Main findings of apx on CT: RLQ inflammation Enlarged nonfilling tubular structure Appendicolith.
Modifications of CT protocol can limit fetal exposure to less than 3 mGy (30 mGy for carcinogenesis in fetus) Standard abdominal CT with oral and IV contrast or a specialized appendiceal CT protocol can also be used, but are associated with higher fetal radiation exposure (20 to 40 mGy)
Overall sensitivity= %94 Specificity= % 95 We suggest CT when clinic and US are inconclusive and MRI is not available
Decision for laparotomy should be based on clinic, imaging results, and clinical judgment Lab not particularly useful ecxept for R/O of alternate diagnoses Delaying Sx for more than 24 h increases risk of perforation (%14-43 of such patients)
When Dx relatively certain: transverse incision at McBurney's point, or more commonly, over point of maximal tenderness When Dx less certain: lower midline vertical incision
Several case reports and small case series: laparoscopic appendectomy in Py feasible in all trimesters and with few complications One systematic review: higher rate of fetal loss with laparoscopy than open appendectomy, but data were from retrospective series
Decision to proceed to laparoscopy based on: skill and experience of surgeon clinical factors such as size of gravid uterus.
Risk of fetal loss higher in perforated apx (%36 versus %1.5) or when generalized peritonitis or abscess (fetal loss:% 6 versus %2; early delivery: %11 versus %4). Given diagnostic difficulties and significant risk of fetal mortality with perforation, a higher negative laparotomy rate (20 to 35 percent) compared to nonpregnant women has generally been considered to be acceptable.
Maternal morbidity low except in perforated apx Py related complications frequent in T1 and T2 Spontaneous abortion %33 percent in T1 Premature delivery %14 in T2 No pregnancy complications in T3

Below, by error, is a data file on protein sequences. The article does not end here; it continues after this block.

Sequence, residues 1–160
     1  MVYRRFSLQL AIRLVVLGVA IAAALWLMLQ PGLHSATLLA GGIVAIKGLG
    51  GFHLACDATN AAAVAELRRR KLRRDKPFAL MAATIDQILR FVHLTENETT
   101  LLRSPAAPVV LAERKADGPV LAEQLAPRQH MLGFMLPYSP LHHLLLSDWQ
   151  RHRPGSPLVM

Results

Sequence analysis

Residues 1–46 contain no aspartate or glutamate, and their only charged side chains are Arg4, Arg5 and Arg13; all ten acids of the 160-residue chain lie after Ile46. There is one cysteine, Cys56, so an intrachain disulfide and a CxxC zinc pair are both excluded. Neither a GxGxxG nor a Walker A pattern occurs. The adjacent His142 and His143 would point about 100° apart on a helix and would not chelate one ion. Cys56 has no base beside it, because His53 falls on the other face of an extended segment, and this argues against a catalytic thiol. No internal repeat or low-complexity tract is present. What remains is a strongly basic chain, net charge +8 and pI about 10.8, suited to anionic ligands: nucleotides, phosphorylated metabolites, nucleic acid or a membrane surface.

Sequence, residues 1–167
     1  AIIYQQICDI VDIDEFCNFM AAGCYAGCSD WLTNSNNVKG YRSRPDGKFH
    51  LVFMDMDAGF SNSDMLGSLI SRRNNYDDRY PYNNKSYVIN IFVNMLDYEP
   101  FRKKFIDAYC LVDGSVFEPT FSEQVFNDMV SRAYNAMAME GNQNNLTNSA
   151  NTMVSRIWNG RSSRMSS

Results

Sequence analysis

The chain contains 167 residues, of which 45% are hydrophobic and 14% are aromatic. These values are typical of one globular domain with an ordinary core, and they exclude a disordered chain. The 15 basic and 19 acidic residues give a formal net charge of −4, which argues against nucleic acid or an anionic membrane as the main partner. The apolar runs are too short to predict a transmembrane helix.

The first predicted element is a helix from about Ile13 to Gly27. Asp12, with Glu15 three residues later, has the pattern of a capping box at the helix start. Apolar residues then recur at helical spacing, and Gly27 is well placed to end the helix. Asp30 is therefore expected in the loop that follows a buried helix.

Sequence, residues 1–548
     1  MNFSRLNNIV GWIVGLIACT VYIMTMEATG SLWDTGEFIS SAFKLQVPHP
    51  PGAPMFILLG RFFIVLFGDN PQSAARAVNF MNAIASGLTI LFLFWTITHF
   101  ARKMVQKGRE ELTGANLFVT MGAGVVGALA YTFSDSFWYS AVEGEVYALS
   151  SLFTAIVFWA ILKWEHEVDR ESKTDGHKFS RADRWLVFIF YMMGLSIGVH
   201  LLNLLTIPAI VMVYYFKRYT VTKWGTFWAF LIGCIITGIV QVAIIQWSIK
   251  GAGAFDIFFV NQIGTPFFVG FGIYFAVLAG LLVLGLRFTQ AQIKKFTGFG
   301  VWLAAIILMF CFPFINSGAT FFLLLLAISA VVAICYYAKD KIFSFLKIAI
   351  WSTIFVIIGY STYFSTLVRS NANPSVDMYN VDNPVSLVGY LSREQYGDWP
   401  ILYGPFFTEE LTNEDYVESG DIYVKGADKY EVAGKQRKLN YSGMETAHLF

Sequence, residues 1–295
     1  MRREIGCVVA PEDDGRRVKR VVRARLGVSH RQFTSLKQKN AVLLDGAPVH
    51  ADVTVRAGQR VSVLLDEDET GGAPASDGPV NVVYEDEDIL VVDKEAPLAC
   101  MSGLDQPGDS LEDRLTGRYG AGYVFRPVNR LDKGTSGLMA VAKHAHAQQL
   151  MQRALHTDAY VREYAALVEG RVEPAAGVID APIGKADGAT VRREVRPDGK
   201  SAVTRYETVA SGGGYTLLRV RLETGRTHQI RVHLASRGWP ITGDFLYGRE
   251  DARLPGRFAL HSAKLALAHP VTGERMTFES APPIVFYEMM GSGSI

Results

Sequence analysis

C/S rarely indicated at time of appendectomy Risk of dehiscence during labor and vaginal delivery not increased when fascia appropriately reapproximated
Good long-term prognosis No increased risk of infertility or other complications
Free perforation causes intraperitoneal dissemination of pus and fecal material Patients quite ill and may be septic Increased risk of preterm labor and delivery and fetal loss Urgent laparotomy necessary with appendectomy and irrigation and drainage of the peritoneal cavity
When contained perforation: treated with ABs, IV fluids, bowel rest, and close monitoring Many will respond since it has already been "walled-off.“ Although there is good evidence to support this approach in nonpregnant individuals, there is only limited evidence in pregnant women.
Report of 2 patients: ABs (ampi, genta,clinda),IV fluids, and bowel rest: improvement of symptoms over 2-3 d In one: interval apy 2 m after NVD In the other: apy at c/s (breech with preterm labor In both: avoidance of glucocorticoids and tocolytics due to concerns of suppressing manifestations of worsening infection and delaying delivery if intraamniotic infection was also present. Until further experience, these should be followed closely in hospital to monitor for maternal sepsis and preterm labor.
Apx: most common general Sx problem in Py, clinic and Dx similar to nonpregnant RLQ pain within a few cm of McBurney's : most common symptom Nausea/vomiting: both apx and NL Py. In apx, following pain, in Py usu no pain. US: the best - noncompressible 6mm or more blind ended tubular structure in RLQ If clinic and US inconclusive: MRI, When MRI not available: CT Decision to proceed to Sx based on imaging and clinical judgment. Lab not particularly useful other than R/O other diagnoses. Delaying Sx more than 24 hours increases risk of perforation. When Dx relatively certain:transverse incision over point of maximal tenderness. When less certain: lower midline vertical incision
1- Schwartz Principles of Surgery (book) 2-UptoDate (online)